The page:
Conscientious Military Objectors Surpass 12,000

By Park Chung-a Korea Times

More than 12,000 people have been imprisoned for refusing mandatory military service over 66 years, according to an association of family members of conscientious objectors.

The organization said it estimates that 12,324 conscientious objectors were sentenced to a total of 25,483 years of imprisonment from 1950 until May 31, 2006.

The number of those who served twice in prison is 289. The research was done from March to April in 2006 through phone and paper interviews with military objectors including Jehovah’s Witnesses, who account for the largest portion of them. It is the first time that the number has been calculated, as the government has been reluctant to conduct official research on it.

About 50 percent or 6,328 of the respondents said that they suffered from at least three kinds of harsh treatment while serving in prison. The most common form of torture was standing still with 28.9 percent, followed by push-ups with 25.9 percent, beating with 19.0 percent, fasting with 4.8 percent and sexual harassment with 2.9 percent. Also 3.7 percent of the respondents said that they were imprisoned alone in small cells two meters in height.

According to the special report by the Belgium-based international human rights organization Human Rights Without Frontiers, 53-year-old Sung Ki-yoon said that he fainted due to torture by water while serving a sentence in 1977 for refusing military service. Lee Kae-chol, 52, another military objector, also said that his feet were burned by lighters and wires were pushed under his nails.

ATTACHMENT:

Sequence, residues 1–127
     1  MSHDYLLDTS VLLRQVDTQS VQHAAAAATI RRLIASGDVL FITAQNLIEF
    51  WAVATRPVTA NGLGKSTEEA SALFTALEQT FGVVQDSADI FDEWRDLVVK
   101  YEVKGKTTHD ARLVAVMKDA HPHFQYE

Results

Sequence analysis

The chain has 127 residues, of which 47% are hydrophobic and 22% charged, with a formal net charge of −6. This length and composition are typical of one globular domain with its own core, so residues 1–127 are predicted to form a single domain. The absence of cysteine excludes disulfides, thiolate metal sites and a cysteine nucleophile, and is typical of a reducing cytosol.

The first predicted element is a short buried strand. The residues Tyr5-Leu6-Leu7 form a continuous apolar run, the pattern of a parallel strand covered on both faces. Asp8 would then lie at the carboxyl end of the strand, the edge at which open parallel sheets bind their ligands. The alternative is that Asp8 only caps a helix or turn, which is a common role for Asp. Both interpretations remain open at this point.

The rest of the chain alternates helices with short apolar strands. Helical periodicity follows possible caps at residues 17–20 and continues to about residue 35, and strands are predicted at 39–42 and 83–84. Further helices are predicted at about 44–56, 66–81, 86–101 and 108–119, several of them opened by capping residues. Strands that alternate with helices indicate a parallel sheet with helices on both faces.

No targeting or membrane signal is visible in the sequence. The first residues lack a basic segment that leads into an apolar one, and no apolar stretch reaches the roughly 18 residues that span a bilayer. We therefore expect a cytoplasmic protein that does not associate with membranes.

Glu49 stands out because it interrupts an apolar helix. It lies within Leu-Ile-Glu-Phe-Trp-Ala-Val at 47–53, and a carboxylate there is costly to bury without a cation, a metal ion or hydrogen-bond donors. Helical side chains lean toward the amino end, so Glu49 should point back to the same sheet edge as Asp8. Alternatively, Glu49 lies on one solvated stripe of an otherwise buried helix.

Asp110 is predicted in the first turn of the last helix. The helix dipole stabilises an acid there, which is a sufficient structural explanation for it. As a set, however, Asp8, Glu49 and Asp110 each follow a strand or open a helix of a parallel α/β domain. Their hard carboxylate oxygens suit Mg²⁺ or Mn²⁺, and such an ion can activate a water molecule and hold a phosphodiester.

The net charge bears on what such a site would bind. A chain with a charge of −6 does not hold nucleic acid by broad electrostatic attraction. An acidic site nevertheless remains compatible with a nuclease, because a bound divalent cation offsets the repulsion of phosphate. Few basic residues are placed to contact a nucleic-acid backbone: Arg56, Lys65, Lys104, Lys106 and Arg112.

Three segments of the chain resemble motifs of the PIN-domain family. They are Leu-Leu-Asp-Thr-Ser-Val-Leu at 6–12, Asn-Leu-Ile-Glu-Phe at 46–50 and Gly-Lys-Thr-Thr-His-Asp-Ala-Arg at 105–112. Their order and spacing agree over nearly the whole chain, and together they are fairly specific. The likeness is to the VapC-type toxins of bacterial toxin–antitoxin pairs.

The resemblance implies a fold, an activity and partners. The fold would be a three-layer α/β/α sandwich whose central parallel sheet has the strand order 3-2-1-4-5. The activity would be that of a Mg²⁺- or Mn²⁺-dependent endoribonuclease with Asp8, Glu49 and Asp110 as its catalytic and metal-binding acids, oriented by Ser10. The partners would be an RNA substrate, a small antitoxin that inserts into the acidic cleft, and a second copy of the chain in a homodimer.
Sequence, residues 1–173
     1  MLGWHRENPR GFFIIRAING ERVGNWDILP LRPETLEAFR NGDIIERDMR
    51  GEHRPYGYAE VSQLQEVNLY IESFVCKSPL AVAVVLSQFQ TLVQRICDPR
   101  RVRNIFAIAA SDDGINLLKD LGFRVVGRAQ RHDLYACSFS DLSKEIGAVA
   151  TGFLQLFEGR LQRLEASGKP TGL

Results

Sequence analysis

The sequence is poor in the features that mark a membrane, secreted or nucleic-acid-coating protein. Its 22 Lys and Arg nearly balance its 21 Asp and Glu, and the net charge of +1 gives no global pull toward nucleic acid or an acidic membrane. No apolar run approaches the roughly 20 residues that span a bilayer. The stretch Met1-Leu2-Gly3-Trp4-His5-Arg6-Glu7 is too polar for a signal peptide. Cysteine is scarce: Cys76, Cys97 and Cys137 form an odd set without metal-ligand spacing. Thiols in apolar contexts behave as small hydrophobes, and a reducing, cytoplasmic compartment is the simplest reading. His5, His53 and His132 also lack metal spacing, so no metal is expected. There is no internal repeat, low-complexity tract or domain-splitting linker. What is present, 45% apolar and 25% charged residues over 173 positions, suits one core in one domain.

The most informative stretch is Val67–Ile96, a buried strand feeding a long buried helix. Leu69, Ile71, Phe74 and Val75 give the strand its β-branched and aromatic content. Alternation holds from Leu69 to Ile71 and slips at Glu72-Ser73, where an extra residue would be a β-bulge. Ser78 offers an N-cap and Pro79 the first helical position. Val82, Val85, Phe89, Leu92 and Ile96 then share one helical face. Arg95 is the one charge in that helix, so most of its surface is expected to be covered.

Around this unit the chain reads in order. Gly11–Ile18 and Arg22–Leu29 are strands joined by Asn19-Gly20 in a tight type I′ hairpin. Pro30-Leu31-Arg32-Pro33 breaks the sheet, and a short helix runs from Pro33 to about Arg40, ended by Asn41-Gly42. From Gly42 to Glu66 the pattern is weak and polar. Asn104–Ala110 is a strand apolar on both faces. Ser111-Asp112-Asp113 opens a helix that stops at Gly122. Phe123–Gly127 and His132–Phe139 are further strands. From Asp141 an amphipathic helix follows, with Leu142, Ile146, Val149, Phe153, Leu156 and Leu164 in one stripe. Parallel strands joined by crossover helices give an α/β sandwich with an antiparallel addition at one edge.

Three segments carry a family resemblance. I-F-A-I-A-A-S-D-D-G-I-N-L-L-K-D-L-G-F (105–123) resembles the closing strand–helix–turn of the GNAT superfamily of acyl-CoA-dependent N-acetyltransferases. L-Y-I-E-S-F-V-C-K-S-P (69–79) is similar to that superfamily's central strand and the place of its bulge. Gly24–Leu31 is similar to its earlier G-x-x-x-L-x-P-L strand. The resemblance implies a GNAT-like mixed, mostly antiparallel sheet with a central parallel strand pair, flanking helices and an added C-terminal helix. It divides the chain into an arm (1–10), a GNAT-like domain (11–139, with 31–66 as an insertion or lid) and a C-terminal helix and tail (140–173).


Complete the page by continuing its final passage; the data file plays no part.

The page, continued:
In recent years, an increasing number of people are urging the government to introduce civil service as an alternative to service in the military. Those objecting to the current two-year military service claim that the government’s decision to punish them under criminal law violates their basic human rights to freedom of thought and religion as guaranteed by law. However, the government has been claiming that it would be unrealistic to offer civil service as a substitute for military service since it would compromise military readiness.


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